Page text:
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Writing and Literature                     73
esque naivete, yet the intimations that we obtain of Old King-
dom literary style are far from encouraging. The semi-magical
spells of the Pyramid Texts are at once inhuman, disjointed, and
diffuse. It is possible that the moralizing books of Kagemni and
Ptahhotpe go back to the Fifth Dynasty, but such admiration
as they may excite will be a tribute to their worldly wisdom,
rather than to their literary quality. The Egyptians themselves
reverenced Imhotep and Hardedef as incomparable sages, but
nothing remains of their books, if ever they wrote any. One
autobiographical narrative, that of the Vizier Weni, incorporates
a short triumphal poem, each new thought being introduced
by a refrain:
This army returned in peace,
It had hacked to bits the land of the Sand-dwellers.
This army returned in peace,
It had crushed the land of the Sand-dwellers.
Such monotonous repetition is not infrequent even in some of
the finer compositions of later times, and the best that can be
said of it is that it shows a striving after literary form.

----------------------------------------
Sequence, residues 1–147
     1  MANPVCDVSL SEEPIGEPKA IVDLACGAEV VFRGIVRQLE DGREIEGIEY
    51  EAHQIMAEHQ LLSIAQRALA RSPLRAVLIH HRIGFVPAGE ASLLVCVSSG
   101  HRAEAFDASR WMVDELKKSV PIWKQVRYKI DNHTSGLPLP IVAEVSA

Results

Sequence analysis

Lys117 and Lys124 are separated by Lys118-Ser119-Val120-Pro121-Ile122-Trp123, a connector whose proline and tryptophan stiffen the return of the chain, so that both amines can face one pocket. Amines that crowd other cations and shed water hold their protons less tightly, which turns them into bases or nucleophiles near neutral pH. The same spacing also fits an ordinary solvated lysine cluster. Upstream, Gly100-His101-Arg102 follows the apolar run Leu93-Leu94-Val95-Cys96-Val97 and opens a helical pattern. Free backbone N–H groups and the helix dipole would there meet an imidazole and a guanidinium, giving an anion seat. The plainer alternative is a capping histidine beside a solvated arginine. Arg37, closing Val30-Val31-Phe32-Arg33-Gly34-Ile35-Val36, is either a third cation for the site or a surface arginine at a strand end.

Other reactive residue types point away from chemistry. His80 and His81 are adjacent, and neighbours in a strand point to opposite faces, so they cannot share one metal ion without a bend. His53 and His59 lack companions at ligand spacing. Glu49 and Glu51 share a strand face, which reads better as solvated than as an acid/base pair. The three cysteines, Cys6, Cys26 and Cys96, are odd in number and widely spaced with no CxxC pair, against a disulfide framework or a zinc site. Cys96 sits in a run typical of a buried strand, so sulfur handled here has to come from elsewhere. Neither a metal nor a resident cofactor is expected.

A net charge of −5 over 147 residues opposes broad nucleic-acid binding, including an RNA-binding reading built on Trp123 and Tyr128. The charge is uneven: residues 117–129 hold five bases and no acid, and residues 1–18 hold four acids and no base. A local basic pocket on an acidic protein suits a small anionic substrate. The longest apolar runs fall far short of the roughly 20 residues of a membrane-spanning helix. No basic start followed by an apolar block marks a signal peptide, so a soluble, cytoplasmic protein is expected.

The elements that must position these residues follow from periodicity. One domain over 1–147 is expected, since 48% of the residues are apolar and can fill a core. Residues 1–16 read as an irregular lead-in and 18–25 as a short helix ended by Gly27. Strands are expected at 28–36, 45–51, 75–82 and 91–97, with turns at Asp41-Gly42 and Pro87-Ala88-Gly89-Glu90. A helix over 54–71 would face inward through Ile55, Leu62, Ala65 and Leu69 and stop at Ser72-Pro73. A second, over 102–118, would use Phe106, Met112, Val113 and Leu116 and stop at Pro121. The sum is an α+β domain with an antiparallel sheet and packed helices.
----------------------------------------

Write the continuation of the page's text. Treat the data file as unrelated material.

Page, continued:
Thus it is impossible to agree with Feet's conjecture that the
lost literature of the Old Kingdom, like its art and architecture,
may well have transcended everything that came later. All the
more astonishing are the creations of the times of unrest follow-
ing the close of the Sixth Dynasty. Here metaphor runs riot,
and decadent features like a deliberate preciosity are not want-
ing. One Twelfth-Dynasty writer pathetically complains of the
difficulty of finding anything new to say, in fact there is abun-
dant evidence that literature was now an art supremely con-
scious of itself. Most connoisseurs of Egyptian antiquities will
have felt at some time or other that the general standard is very
low, but they will have taken comfort at the recollection of a
few pieces of incomparable beauty and grace. If it is scarcely
possible to say as much of Egyptian literature, nevertheless the
Middle Kingdom presents examples of a high order. My own